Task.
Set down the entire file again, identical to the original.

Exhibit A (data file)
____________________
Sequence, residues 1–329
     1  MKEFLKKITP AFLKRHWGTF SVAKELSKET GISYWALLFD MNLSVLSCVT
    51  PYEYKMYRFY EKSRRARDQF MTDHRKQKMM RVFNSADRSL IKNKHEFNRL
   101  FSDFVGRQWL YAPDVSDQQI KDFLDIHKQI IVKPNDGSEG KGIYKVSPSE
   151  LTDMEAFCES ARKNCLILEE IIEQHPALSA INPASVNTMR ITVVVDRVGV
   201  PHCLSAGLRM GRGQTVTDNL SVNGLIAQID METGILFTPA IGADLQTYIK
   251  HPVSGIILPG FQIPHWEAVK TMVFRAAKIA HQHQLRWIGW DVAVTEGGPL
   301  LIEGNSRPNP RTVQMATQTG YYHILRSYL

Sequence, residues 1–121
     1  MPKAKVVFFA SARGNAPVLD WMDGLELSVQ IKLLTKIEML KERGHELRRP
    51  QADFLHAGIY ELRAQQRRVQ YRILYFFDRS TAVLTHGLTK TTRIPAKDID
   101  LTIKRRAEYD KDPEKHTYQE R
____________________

Sequence, residues 1–329
     1  MKEFLKKITP AFLKRHWGTF SVAKELSKET GISYWALLFD MNLSVLSCVT
    51  PYEYKMYRFY EKSRRARDQF MTDHRKQKMM RVFNSADRSL IKNKHEFNRL
   101  FSDFVGRQWL YAPDVSDQQI KDFLDIHKQI IVKPNDGSEG KGIYKVSPSE
   151  LTDMEAFCES ARKNCLILEE IIEQHPALSA INPASVNTMR ITVVVDRVGV
   201  PHCLSAGLRM GRGQTVTDNL SVNGLIAQID METGILFTPA IGADLQTYIK
   251  HPVSGIILPG FQIPHWEAVK TMVFRAAKIA HQHQLRWIGW DVAVTEGGPL
   301  LIEGNSRPNP RTVQMATQTG YYHILRSYL

Sequence, residues 1–121
     1  MPKAKVVFFA SARGNAPVLD WMDGLELSVQ IKLLTKIEML KERGHELRRP
    51  QADFLHAGIY ELRAQQRRVQ YRILYFFDRS TAVLTHGLTK TTRIPAKDID
   101  LTIKRRAEYD KDPEKHTYQE R